This week’s participant blog post was written by Ben Sousa, one of the participants on this year’s Yahel Social Change Program. Here, Ben reflects on his experience on a Yahel group seminar in southern Israel this February.
I love the Negev. I love the colors of the rocks, I love the geological history of the Arava valley and the Makteshim and every unique rock feature that can be found in that relatively small area. I love how open it feels, when you stare out and see mountains to climb or rolling hills of gravel and sand. I spent a good month and a half wandering in that desert over the course of my life, and so I understand why there would be a conflict over it; why people can uproot their lives and move out to lone farms and why Bedouin are so tied to it. It is a special place.
With that said…let me tell you about our seminar in the Negev.
Our seminar in the north was primarily focused on community and learning the history of different communities in Israel (traditional and urban kibbutzim, living with others of different denominations, non-Jewish communities in the north, etc). This recent seminar in the south had its focus on the land and issues springing from it. Land in the Negev is disputed between the Bedouin and the Israeli government, and they are still far from reaching a settlement. In many places, the Bedouin have established villages or have had villages there for many years, but the Israeli government does not legally recognize them. This means that the villages do not appear on the map and water and electricity is not provided. I am simplifying it, but I really do recommend that if you are interested, to look into the issue. It was very fascinating to learn about and part of the reason I wanted to write about our trip.
There were times when I would stand out at the edge of Sde Boker (where we stayed for most of our seminar and where Ben Gurion retired later in life) and look out across the rocks and cliffs and just think. There is so much complexity to an area that could almost be mistaken for a wasteland. The Negev comprises more than half of the state of Israel. It was part of the dream of Ben Gurion that pioneers would settle in the Negev, advancing the sciences and other lofty goals in what most people considered no-man’s land. He believed in this vision so much that he moved down to the Negev himself in his retirement…but not many people followed.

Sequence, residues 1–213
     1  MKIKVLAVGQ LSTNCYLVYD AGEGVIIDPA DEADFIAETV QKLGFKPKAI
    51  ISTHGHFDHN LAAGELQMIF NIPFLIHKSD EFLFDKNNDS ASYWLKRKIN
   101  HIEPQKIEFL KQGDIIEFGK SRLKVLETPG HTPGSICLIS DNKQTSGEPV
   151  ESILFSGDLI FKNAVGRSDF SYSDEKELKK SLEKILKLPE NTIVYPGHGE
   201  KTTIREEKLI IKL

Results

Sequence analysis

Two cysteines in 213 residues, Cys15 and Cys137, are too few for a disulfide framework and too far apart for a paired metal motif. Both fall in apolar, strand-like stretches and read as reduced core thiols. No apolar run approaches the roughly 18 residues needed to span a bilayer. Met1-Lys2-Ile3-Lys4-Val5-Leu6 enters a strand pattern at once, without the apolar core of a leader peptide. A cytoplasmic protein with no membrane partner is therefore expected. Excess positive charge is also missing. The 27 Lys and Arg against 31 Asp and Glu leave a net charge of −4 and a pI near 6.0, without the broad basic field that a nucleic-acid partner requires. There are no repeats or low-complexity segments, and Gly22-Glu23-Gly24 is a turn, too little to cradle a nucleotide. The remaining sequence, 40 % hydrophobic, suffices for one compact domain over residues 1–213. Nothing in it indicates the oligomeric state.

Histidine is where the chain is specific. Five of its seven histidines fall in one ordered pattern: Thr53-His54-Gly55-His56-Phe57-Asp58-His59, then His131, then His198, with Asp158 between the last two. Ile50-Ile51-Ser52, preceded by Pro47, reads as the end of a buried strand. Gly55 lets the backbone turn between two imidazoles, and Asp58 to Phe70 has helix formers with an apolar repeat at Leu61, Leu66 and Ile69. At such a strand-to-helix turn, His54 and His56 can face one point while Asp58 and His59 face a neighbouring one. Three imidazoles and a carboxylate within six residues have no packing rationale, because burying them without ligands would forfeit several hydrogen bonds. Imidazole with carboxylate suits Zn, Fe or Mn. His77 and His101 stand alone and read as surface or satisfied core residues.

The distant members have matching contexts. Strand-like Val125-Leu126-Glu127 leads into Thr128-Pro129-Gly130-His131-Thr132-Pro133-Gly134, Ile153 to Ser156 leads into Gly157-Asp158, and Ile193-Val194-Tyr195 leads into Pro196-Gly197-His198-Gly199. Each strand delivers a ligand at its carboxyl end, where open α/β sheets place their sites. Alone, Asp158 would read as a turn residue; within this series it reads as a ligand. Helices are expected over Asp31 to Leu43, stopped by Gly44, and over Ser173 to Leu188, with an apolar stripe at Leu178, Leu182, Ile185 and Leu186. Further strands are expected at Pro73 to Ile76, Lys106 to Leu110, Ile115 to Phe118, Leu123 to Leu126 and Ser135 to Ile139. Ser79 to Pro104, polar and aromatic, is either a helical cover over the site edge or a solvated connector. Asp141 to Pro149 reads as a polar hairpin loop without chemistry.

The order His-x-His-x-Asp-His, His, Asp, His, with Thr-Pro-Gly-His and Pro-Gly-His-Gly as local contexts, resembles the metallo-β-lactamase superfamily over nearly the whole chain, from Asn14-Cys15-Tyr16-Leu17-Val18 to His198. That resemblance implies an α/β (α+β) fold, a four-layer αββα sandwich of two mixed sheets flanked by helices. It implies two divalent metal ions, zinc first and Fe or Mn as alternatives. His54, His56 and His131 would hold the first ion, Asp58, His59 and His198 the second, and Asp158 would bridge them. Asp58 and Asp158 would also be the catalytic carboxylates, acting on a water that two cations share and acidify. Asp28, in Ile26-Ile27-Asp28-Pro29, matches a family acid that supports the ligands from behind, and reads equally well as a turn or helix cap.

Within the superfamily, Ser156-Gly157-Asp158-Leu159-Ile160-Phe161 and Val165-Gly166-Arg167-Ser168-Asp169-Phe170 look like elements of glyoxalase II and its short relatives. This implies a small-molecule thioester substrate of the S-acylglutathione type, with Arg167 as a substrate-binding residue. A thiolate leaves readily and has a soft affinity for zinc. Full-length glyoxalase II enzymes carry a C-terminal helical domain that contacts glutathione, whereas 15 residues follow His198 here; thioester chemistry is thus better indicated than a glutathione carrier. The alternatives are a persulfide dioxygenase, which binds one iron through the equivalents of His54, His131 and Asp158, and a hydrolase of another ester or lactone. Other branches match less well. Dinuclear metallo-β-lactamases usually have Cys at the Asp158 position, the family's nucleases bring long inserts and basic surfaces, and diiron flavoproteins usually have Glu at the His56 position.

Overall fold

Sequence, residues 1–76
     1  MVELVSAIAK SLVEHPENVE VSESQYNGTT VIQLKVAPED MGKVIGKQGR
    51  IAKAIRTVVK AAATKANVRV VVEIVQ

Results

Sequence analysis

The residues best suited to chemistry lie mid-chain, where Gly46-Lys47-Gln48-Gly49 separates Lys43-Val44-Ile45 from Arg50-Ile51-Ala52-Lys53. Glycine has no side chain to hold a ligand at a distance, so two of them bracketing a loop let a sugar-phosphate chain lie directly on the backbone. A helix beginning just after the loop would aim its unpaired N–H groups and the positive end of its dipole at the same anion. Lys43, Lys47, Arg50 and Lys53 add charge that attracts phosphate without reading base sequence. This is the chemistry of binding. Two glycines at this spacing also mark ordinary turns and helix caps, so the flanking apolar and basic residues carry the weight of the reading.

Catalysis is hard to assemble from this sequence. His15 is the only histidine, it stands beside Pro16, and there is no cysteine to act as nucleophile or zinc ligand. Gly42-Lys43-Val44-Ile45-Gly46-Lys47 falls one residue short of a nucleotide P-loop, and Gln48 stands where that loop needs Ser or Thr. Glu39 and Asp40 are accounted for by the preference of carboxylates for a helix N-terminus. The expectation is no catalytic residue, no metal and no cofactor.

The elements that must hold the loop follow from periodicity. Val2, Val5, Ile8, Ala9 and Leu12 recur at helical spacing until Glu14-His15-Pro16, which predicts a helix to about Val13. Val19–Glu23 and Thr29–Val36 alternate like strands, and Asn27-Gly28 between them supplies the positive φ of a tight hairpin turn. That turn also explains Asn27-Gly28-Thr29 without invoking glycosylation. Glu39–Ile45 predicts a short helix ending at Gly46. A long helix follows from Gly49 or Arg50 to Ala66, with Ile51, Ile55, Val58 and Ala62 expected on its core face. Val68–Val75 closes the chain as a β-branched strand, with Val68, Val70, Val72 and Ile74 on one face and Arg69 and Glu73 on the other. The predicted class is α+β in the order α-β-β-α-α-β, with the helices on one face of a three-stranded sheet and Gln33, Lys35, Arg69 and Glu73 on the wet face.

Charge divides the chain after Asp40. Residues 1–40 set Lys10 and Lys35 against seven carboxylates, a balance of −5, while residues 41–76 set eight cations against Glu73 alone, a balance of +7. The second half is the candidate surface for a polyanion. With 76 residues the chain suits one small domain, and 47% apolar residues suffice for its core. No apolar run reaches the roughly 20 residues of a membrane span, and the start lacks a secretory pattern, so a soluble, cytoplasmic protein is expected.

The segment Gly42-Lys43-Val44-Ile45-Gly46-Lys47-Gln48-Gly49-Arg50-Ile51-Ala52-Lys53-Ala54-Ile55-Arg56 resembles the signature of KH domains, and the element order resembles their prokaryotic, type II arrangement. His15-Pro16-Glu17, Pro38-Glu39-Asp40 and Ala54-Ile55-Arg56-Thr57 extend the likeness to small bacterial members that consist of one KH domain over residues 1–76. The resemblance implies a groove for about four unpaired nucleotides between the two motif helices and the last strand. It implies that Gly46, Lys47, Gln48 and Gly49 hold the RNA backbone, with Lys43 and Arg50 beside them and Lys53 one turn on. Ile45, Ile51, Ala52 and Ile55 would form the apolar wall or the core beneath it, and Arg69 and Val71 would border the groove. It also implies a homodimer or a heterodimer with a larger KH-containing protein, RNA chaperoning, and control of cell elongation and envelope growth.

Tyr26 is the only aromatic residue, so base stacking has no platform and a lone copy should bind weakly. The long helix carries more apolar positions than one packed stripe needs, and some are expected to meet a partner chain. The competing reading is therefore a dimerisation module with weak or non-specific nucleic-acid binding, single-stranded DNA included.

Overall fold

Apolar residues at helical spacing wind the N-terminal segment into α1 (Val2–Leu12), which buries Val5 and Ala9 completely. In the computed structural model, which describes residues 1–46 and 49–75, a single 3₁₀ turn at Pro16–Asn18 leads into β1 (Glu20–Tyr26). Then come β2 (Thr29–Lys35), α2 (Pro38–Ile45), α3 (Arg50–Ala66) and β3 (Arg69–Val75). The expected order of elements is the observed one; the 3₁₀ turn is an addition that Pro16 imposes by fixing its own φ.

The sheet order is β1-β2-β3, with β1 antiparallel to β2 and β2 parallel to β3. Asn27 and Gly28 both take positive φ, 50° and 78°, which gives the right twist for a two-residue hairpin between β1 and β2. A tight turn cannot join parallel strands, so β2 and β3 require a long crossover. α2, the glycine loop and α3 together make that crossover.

I love the Negev. I said that before. I understand why people choose to live there, but I could never imagine myself moving to such an empty region. I doubt I would have been one of those who followed Ben Gurion into the desert. One of our stops over the seminar was a lone farm, owned and operated by a husband and wife pair. They were restaurant owners in Tel Aviv before they decided to uproot themselves from their old lives and move to the desert, given nothing but an address. They built themselves a house, installed what utilities they needed, and built their own infrastructure. They chose to go out in the middle of nowhere and build a farm because they felt such a strong connection to the land.
The Bedouin feel that connection, too. They stay in the villages where they have little rather than move. Whether they have the options to leave or not, that is not as important as the sentiment they hold. They want to live there, in what they see as their land. When asked if he would move if he was offered land somewhere else, one of our hosts adamantly claimed that it was not just land, but his land that he desired.
While we spent most of our nights in Sde Boker, we spent that last night in the unrecognized village of Qasr-a-Sir. We slept in what I would almost consider ‘outside’. It had a light on a pole, three walls and a fourth that you could pull down, and a roof. It was shelter, but it was not what I think of as a home. The real reason I say it was outside for me are the dogs and roosters crowing at all hours that kept me up all night. This is a recurring event, whenever I sleep outside in Israel. Every time we’ve done it as far as I can remember, there has been some rooster crowing in the middle of the night that wakes me up. I would suggest a ban on all roosters but I don’t think that would go far in the Knesset.
There is so much that I’m leaving out, so much that I cannot adequately describe. For such a small geographic region, the Negev has such scope that I cannot help but get swept away in it. I sometimes imagine myself just wandering about the wilderness and taking it all in, but that is just a dream. At the end of the day, I could never live in the desert forever. But it is important to remember that people DO live in the desert today. They don’t only exist in the past.
The Negev is a place that is full of potential. By the end of the seminar, I could almost see what Ben Gurion imagined and how far we are from reaching it. They could build something fantastic with Bedouin and Jews. But first, they need to resolve the land issues so that they can actually build.